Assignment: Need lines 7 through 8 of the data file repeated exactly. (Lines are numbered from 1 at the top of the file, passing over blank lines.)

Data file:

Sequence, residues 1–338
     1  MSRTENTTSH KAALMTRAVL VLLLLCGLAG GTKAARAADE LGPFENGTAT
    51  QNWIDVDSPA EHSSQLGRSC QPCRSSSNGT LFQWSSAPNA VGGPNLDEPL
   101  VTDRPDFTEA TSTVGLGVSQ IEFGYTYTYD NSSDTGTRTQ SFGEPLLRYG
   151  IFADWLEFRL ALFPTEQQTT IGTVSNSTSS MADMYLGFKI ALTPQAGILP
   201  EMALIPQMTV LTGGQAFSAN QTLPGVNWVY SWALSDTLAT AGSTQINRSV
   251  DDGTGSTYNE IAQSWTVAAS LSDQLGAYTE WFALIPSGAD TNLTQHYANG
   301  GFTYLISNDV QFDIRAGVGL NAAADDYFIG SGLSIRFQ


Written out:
   251  DDGTGSTYNE IAQSWTVAAS LSDQLGAYTE WFALIPSGAD TNLTQHYANG
   301  GFTYLISNDV QFDIRAGVGL NAAADDYFIG SGLSIRFQ